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Dean Eppler

Well, let's see...I come from humble folk...my parents were steamfitters...Oops, wrong movie...

I received a B.S. in Geology from St. Lawrence University, Canton, NY, in 1974. During my time at St. Lawrence, I was able to participate in the Preliminary Examination Team activities at JSC after Apollo 17 - thanks to a previous association between my Department chair and Bill Phinney, the geologist who ran the Geology Branch at JSC at the time.

I received an M.S. in Geology from the University of New Mexico in 1974 after an M.S. thesis mapping Tertiary volcanos in the Rio Grande Rift in northern New Mexico. After my M.S., I spent 4 years in the U.S. Army as a combat engineer officer, where I commanded a combat engineer company in the 4th Engineer Battalion at Fort Carson, CO.

I received a Ph.D. in Geology from Arizona State University, where I conducted fundamental research on emplacement mechanisms of fragmental debris deposits, using the 400 year old Chaos Jumbles rock-fall avalanche deposit and the May 1915 blast and lahar deposits in Lassen Volcanic National Park, CA as models.

While at ASU, I also spent a season in the Antarctic with my advisor, Dr. Mike Malin - PI for the Mars Observer Camera - setting up experiment stations in the Antartic dry valleys to measure the long-term rate of weathering and erosion in cold desert environments.

Eppler of the Antarctic

Eppler of the Antarctic

After my Ph.D., I held a brief position at Los Alamos National Laboratory conducting geothermal energy exploration in Central America and doing research on the effect of airborne volcanic ash on air transport aircraft.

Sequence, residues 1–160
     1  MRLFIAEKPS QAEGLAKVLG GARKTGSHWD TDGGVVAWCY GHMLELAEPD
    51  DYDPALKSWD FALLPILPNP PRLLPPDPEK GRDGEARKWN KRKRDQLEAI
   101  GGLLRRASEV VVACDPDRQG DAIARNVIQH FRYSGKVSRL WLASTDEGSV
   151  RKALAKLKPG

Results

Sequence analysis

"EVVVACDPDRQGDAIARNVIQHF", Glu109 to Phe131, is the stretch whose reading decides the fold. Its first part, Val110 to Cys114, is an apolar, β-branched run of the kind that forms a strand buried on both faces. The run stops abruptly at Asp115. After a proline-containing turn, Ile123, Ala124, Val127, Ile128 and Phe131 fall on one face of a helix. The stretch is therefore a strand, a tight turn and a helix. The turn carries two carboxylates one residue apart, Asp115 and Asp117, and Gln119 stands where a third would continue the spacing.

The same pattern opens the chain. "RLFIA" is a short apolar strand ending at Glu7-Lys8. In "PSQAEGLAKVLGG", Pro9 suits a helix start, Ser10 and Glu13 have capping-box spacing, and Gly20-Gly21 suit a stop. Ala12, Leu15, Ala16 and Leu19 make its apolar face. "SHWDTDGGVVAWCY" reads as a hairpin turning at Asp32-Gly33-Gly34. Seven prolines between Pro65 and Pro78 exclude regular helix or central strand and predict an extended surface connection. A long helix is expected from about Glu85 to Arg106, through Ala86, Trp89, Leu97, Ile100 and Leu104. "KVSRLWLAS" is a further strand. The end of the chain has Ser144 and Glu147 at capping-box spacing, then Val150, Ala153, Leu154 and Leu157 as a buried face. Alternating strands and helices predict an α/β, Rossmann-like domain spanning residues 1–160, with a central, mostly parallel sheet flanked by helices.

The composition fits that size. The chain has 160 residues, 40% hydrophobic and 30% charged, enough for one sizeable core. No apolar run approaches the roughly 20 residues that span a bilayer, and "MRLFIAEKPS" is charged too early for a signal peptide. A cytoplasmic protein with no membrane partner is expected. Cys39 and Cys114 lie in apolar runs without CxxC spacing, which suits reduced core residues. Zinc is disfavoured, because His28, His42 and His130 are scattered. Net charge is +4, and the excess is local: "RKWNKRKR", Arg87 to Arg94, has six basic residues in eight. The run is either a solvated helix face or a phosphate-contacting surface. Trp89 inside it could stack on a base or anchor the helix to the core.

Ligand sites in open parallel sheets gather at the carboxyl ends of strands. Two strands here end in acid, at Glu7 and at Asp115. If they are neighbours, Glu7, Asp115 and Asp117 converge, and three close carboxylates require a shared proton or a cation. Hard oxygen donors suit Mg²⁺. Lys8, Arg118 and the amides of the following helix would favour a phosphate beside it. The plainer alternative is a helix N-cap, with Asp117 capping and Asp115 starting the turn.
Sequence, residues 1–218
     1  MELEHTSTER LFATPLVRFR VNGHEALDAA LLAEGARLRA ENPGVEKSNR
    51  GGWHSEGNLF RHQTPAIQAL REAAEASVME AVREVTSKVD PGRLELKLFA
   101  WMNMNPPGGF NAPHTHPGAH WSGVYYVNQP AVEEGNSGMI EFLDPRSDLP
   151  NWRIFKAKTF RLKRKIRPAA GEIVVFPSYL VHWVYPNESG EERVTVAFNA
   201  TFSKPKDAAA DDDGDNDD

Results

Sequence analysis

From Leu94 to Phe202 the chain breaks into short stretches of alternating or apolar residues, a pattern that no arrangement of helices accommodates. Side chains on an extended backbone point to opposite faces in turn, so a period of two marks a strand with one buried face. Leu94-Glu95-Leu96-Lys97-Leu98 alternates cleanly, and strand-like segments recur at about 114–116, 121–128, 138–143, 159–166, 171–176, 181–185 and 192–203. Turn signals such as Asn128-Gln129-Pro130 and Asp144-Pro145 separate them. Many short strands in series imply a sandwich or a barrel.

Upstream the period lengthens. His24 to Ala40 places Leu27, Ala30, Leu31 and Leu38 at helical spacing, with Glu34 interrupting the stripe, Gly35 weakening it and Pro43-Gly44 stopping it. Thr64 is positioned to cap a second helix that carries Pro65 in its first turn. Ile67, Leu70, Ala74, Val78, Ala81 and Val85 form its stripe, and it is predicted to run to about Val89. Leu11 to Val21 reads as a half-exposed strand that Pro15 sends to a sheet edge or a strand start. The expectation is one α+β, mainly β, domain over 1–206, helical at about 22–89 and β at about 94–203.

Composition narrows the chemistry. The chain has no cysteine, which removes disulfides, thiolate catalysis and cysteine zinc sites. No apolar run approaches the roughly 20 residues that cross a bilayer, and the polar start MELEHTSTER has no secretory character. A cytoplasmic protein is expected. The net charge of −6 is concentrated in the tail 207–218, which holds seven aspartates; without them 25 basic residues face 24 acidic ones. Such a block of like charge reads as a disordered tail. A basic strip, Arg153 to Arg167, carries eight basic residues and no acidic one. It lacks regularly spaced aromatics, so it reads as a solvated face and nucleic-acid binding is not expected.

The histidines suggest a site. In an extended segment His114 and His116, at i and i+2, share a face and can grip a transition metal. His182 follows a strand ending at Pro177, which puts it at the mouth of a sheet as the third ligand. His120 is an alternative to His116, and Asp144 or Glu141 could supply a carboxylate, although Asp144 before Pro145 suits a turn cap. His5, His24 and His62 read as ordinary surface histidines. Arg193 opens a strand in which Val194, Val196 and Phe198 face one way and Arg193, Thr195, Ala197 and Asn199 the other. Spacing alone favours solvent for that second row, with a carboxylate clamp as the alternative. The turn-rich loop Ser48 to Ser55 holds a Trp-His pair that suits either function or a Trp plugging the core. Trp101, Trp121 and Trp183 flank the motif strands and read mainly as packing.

In 1986, I joined Science Applications International Corporation (SAIC), where I have worked for the past 17 years. I was initially in Las Vegas, NV, working on storage and disposal of high-level radioactive waste in geologic repositories, but moved to Houston, TX, in 1990 and have worked with NASA ever since. My present position is Discipline Manager for Earth Science Research aboard the International Space Station, and as principal suit test subject for advanced planetary EVA suit development.

Boot Test

In my ISS position, I've been heading up a team for the last 9 years that has developed the high-optical quality nadir research window in the U.S. Destiny Laboratory, and has overseen the development of the Window Observational Research Facility (WORF), which is scheduled to fly on one of the first space shuttle flights after return to flight. I'm known to some folks as Mogh, Father of WORF.


In the space suit development activity, I've been responsible for testing several advanced space suits in relevant terrestrial locations, primarily Flagstaff, AZ, where our team had evaluated suit mobility, procedures for setting up large solar arrays, human-robotic interaction, and general development activities that will lead to the eventual design and build of an advanced planetary EMU.

In my spare time, I'm a horseman and aerobatic pilot, owning a 14 year old sorrel thoroughbred gelding and a Pitts Special S1S/T aerobatic biplane.

10 April 2003

(In early November 2004, Dean provided the following)

Attached are a series of photographs shot on the west side of Meteor Crater during our recent NASA Desert RATS field exercise. As an adjunct to the primary activities we were pursuing, Dr. Jim Reilly and Dr. Drew Feustel of the Astronaut Office have received some seed money to begin working on field deployable seismic equipment for planetary exploration. One of the tasks they worked on this year was to evaluate the work load, both shirt sleeve and suited, associated with deploying this equipment.

I did asuited run of approximately 30 minute involving geophones, connecting geophones to a data net, positioning a thumper with a prototype rover and firing the thumper. None of this equipment had been adapted to working in a suit, so this year's activity was a more qualitative (as opposed to quantitative) look at the general problems conducting this activity in a suit. Jim and Drew are working with a local Houston seismic services company to develop a new set of sensors that will be better adapted to planetary surface operations; we hope to be testing those in field next year.

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